Museum reinstalls Hank Willis Thomas’s Black Survival Guide, or How to Live Through a Police Riot

In 2018, the Museum partnered with 19 organizations throughout the city of Wilmington to mark 50 years since the powerful and community-changing public response that followed the assassination of Dr. Martin Luther King, Jr. on April 4, 1968. The civil disturbances in Wilmington, which were followed by a nine-month occupation by the Delaware National Guard, left an indelible mark on the community.

Artist Hank Willis Thomas was commissioned by the Museum to respond to the events of 1968 through the creation of a new work of art that shed light on this complicated moment in the city’s history. Following the 2018 exhibition, the Museum acquired Black Survival Guide, or How to Live Through a Police Riot from Thomas for the benefit of the communities we serve.

Two years later, Black Survival Guide, or How to Live Through a Police Riot has been reinstalled and is on view now through September 27. The work is a series of 13 retroreflective screen prints based on photographs from The News Journal and a booklet in the collection of the Delaware Historical Society that is titled Black Survival Guide, or How to Live Through a Police Riot.

The Delaware Art Museum rehung this poignant work of art in the wake of the Black Lives Matter protests happening in Wilmington and around the world. The Museum is committed to supporting its community as it grapples with the emotional anxiety and strain of the violent murders of Ahmaud Arbery, Breonna Taylor, George Floyd, and many others as a result of systemic racism. As is laid out in its strategic vision, the Museum will continue to work with its partners to address critical social issues affecting its communities through civic discourse and creative expression.

The Delaware Art Museum reopened on Wednesday, July 1, 2020. Museum Members received two weeks of exclusive access before opening to the general public on Wednesday, July 15, 2020. The Museum will be free to the public from July 15-August 1.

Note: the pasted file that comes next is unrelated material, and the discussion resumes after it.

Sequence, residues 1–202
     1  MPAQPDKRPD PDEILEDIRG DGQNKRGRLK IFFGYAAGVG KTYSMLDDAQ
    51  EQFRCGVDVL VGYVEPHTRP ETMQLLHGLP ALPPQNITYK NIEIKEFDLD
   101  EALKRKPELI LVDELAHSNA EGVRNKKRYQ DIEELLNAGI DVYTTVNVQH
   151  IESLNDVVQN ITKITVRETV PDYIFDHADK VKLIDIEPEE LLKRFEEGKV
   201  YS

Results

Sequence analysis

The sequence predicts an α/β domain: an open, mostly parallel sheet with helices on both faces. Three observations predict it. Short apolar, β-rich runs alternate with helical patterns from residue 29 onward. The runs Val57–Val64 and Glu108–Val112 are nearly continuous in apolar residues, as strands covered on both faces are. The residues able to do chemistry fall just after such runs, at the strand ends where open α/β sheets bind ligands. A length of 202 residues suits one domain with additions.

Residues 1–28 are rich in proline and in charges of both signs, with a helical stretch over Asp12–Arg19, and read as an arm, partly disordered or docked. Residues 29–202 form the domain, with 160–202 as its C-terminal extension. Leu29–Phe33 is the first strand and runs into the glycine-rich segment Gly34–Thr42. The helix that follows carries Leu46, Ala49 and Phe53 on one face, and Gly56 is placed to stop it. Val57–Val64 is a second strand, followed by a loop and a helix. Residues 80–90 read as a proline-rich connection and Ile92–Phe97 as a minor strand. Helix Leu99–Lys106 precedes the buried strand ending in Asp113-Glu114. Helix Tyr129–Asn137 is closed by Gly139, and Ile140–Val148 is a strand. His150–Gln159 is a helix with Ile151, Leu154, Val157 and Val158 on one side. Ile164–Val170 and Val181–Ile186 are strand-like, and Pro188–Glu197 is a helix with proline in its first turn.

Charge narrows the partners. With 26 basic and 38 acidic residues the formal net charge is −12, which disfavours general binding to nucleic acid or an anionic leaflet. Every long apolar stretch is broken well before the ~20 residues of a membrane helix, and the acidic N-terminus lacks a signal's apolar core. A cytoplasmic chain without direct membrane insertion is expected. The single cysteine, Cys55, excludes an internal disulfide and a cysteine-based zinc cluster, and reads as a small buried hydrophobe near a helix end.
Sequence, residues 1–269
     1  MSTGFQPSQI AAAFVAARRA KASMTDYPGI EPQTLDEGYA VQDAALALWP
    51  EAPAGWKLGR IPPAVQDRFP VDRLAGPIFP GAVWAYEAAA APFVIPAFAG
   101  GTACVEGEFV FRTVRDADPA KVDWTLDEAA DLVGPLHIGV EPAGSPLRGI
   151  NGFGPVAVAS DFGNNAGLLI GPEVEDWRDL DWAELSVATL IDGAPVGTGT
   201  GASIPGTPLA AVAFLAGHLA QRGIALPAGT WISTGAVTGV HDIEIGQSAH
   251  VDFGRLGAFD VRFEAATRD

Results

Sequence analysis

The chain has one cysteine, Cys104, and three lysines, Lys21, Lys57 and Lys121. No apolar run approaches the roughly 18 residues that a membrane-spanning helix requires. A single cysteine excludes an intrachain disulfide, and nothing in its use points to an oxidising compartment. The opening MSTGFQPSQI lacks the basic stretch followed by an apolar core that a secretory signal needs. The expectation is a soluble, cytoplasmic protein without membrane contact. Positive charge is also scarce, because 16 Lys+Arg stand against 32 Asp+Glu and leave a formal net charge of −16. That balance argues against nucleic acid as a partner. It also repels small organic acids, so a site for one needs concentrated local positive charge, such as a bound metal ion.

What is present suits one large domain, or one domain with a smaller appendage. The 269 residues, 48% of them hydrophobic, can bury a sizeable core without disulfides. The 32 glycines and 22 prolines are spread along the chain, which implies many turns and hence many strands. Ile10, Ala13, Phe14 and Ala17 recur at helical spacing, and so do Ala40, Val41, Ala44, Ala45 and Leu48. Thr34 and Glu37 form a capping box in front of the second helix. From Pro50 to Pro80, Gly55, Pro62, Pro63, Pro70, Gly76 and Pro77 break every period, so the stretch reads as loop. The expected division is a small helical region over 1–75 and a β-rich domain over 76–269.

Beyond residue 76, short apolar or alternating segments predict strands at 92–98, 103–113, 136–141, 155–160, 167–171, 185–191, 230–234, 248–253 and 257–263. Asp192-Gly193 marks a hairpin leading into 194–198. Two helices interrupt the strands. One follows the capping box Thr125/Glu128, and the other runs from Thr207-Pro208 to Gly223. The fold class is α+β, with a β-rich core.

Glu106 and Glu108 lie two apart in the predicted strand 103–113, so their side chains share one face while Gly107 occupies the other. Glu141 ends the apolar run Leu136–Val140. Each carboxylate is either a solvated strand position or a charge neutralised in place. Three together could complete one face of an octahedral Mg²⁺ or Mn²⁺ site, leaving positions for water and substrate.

To keep guests safe, Plexiglas shields have been installed at the front desk and in the Museum Store and all transactions are cashless, so visitors are encouraged to remember their credit cards. Guests are required to wear face masks and practice social distancing. The Thronson Café is be closed until further notice. Maps and brochures are only available electronically for the time being.

The Museum has returned to its regular operating hours, which are as follows: Monday and Tuesday: closed; Wednesday, Friday, Saturday, and Sunday: 10 am – 4 pm; Thursday: 10 am – 8 pm.

Acknowledgment of Support

This exhibition is organized by the Delaware Art Museum. This exhibition t is supported, in part, by a grant from the Delaware Division of the Arts, a state agency, in partnership with the National Endowment for the Arts. The Division promotes Delaware arts events on

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Top: How to Live through a Police Riot [Black Survival Guide, or How to Live Through a Police Riot] (detail), 2018, Hank Willis Thomas (born 1976), Screen print on retroreflective vinyl with aluminum backing, 62 x 48 inches. Delaware Art Museum, F. V. du Pont Acquisition Fund, 2019. Commissioned by the Delaware Art Museum. Photograph of Wilmington Riots and National Guard Occupation by Frank Fahey, 1968. Courtesy of The News Journal. Text from Northeast Conservation Association, Black Survival Guide, or How to Live Through a Police Riot, c. 1960s. Daniels Collection, courtesy of the Delaware Historical Society. © Hank Willis Thomas.